the changing politics of your 'close friends' on instagram

A safe space for fuck ups or an emotional crutch? Here's how the feature got complicated.

by Paula Akpan
22 August 2019, 7:15am

Many of us share a complicated relationship with social media, negotiating digital spaces and the amount of ourselves we share online. Social platforms are how we find and form communities, how we build followings and even become brands. The positives (and negatives) of social media are ever expanding, and over the years the likes of Instagram have become a work portfolio, a forum for discussion, a tool for vetting potential dates, an archive, a method of sending blanket updates to those closest to you and more. It’s no wonder that as the uses for Instagram multiply and our follower counts swell, more and more people are attempting to carve out spaces for themselves in their corners of the internet through Instagram’s close friends feature and finstas.

For many, finstas, a normally private “fake” Instagram account often used alongside a person’s main account, are where only your follower list is carefully curated; when it comes to content, there is no filter. At first glance, finstas and the close friends feature appear to be for connecting with people you already know, but as these spaces have popularised, it’s clear that things extend beyond that. Being a close friend IRL doesn’t necessarily grant you access to these spaces. In fact, in some cases, users are less inclined to add certain close friends out of fear that they’ll worry about the content being shared.

These spaces go beyond being just private; they are carefully considered forums that are constantly shifting, with users adding and removing friends depending on what they decide to reveal. Considering that, for many people, reasons for starting a finsta account include feeling able to be more candid about mental health and relationships, where does that leave our existing main accounts? Can they be cultivated? Or should we simply get rid of them?

“Finsta is just mess,” says Leo, a writer from London. “I use my finsta as a giant group chat and all the accounts that follow me on there are other finsta accounts.” Despite wanting to use her socials as a way of exploring ideas and making sense of the world, Leo found that she was becoming wary of the opinions she was putting out. “If I use my main platform with 1,000 followers, I don’t want to put out something that’s ignorant or a bad opinion. My finsta is a space where I can be a bit more ignorant, ask more questions and know that there aren’t going to be the same repercussions.”

“It’s weird having loads of people seeing your stories but then only one or two people send you a message; it feels a bit like people are skipping past your life."

Leila*, a model and writer, created her finsta account after she suddenly accumulated a following of over 100,000 on Instagram. “It felt unfair putting people in my personal life on my main Instagram because it was a breach of their privacy,” she tells i-D. “Also a big following meant that I unconsciously became a ‘brand’, so pictures of me hanging out with my brother may not have necessarily fit that.”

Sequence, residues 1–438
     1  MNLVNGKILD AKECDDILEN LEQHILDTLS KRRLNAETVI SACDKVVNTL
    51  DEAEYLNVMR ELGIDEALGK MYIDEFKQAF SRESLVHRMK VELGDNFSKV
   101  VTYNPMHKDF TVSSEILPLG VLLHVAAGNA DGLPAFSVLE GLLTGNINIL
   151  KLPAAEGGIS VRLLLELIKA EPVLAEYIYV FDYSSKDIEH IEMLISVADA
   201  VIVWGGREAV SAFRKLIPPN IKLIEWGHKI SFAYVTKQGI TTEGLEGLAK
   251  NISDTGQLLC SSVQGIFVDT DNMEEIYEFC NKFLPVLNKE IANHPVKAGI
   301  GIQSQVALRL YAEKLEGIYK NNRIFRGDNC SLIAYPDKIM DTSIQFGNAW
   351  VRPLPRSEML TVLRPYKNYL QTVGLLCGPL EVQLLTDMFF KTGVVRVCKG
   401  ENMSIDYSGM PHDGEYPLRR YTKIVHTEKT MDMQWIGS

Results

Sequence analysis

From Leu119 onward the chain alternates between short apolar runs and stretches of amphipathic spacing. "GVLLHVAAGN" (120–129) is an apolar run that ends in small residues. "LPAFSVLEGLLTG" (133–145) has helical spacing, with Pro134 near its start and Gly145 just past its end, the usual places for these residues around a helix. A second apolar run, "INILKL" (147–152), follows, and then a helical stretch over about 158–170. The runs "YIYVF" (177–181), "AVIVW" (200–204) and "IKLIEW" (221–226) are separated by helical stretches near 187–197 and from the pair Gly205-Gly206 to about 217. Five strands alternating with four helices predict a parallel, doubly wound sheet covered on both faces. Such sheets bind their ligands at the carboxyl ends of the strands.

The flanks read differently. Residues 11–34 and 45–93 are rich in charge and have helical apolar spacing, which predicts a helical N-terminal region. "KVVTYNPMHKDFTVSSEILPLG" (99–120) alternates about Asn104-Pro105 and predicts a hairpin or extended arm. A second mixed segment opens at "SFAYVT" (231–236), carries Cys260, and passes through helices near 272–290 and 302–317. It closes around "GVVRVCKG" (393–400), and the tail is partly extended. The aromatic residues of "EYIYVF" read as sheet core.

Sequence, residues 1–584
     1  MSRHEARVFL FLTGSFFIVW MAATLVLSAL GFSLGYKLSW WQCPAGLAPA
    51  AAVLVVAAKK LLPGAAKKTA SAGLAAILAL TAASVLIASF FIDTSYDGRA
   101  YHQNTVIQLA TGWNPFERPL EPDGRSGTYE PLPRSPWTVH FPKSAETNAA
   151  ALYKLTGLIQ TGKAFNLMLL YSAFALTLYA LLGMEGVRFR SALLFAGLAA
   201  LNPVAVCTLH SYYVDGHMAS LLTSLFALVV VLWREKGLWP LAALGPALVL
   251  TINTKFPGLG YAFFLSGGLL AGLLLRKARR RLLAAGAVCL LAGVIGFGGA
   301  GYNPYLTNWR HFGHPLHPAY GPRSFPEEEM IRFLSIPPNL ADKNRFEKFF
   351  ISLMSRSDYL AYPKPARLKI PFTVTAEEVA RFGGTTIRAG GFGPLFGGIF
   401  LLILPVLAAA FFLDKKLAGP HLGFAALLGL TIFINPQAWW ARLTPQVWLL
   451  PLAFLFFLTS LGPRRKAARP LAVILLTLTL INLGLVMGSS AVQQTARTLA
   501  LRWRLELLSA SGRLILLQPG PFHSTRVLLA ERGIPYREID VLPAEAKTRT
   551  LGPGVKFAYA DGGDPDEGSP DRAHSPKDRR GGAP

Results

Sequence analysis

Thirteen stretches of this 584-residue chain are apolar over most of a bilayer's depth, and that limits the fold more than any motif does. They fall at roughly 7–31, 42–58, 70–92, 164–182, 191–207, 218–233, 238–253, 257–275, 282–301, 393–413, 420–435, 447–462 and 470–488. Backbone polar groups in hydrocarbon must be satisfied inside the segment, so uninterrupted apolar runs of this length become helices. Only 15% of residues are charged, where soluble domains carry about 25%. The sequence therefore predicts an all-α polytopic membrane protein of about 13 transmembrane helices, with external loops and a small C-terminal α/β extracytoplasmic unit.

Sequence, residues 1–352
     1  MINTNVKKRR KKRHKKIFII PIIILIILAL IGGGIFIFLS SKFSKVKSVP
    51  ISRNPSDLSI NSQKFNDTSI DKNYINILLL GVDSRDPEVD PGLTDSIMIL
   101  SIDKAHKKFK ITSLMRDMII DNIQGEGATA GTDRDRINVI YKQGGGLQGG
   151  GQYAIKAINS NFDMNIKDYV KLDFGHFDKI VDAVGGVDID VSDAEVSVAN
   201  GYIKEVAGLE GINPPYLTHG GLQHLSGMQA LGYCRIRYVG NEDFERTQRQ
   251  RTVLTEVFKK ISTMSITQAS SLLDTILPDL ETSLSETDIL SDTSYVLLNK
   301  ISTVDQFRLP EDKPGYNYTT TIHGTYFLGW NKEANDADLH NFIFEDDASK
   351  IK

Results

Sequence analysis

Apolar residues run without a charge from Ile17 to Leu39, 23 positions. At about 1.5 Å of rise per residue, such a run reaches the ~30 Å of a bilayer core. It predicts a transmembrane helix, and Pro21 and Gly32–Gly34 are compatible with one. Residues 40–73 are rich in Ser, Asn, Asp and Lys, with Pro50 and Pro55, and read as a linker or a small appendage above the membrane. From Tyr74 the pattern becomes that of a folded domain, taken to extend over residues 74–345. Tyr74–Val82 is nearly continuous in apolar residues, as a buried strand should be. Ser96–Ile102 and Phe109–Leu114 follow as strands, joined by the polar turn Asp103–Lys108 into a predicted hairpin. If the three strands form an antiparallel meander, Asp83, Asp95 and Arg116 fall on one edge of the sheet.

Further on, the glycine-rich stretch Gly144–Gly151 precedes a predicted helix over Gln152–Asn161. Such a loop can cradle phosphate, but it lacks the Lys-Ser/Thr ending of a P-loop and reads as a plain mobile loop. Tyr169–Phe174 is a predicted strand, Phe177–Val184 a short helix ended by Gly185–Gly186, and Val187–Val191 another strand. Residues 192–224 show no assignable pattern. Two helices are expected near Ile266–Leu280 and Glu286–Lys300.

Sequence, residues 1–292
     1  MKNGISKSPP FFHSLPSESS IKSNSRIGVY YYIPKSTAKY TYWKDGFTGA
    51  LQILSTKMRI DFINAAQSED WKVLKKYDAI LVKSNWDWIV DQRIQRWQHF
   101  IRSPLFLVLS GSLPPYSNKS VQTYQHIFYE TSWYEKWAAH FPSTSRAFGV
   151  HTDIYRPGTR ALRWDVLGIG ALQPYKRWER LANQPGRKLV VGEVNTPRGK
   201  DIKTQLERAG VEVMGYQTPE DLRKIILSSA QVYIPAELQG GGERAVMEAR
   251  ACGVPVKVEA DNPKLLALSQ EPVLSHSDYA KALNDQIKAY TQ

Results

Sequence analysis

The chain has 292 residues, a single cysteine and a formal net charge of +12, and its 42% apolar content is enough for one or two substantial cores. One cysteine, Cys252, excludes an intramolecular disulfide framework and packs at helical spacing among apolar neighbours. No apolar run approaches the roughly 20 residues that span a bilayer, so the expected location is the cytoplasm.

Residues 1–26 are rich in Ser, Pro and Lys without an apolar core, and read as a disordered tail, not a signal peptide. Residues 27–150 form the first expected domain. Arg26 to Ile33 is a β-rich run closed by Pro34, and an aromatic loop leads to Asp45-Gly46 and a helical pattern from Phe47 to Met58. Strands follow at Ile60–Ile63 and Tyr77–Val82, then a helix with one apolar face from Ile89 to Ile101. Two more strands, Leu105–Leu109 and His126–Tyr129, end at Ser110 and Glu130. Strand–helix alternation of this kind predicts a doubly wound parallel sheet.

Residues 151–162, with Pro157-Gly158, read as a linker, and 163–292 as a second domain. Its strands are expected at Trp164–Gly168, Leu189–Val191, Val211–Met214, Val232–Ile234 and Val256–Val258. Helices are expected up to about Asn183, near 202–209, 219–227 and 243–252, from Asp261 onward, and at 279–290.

Now that Leila’s Instagram has become a place of work for her, locking it down or taking herself offline isn’t an option, particularly because she doesn’t feel like she should have to. It’s why she created a finsta, which has about 50 followers: “I believe that I’m entitled to take up space on the internet,” she adds.

The possibility of gaining work through social media is also a factor for Leo: “I find that if I’m not in a good place with my mental health, I can end up telling strangers that I don’t care. I felt like talking about not being okay on my main Instagram was messing up my money and making me seem unreliable.”

For H*, a non-binary brown person, they want to be visible about their queerness online but struggled with how much of that they want to share. “I have old school friends who follow me on Instagram and I almost want them to see how I’ve changed,” they explain. “Like, ‘Hey, I wasn’t just a weirdo, I’m actually trans and queer!’ It’s nice to be able to show that off a little. But I don’t necessarily want them to see the most intimate moments of my life.”

H started using a close friends list on Instagram after feeling particularly exposed when they shared a comparison picture of themselves nine months after they started taking testosterone on their main Instagram grid. “Close friends gives me a voice without opening me up to too many people. It’s where I was able to talk about feeling anxious about going to a gender identity clinic.”

H finds that having a curated list of followers is not about entirely escaping the gaze of others, but actually feeling even more seen by a select few. “It’s weird having loads of people seeing your stories but then only one or two people send you a message; it feels a bit like people are skipping past your life,” they note. “When I use my close friends list, more people engage with me. I think there’s an element of ‘This person considers me close enough to witness this stuff so I feel comfortable enough to comment’.”